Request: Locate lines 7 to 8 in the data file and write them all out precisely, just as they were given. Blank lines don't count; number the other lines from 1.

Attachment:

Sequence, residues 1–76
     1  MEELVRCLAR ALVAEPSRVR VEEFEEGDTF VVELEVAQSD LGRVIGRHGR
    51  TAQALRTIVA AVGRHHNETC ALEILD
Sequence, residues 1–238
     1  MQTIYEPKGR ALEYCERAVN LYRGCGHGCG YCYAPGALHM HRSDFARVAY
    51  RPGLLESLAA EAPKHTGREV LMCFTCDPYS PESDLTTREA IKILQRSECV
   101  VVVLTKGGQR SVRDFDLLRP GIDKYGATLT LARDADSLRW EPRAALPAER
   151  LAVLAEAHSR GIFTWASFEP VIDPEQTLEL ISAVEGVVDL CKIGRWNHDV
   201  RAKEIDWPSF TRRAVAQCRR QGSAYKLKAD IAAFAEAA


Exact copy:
   101  VVVLTKGGQR SVRDFDLLRP GIDKYGATLT LARDADSLRW EPRAALPAER
   151  LAVLAEAHSR GIFTWASFEP VIDPEQTLEL ISAVEGVVDL CKIGRWNHDV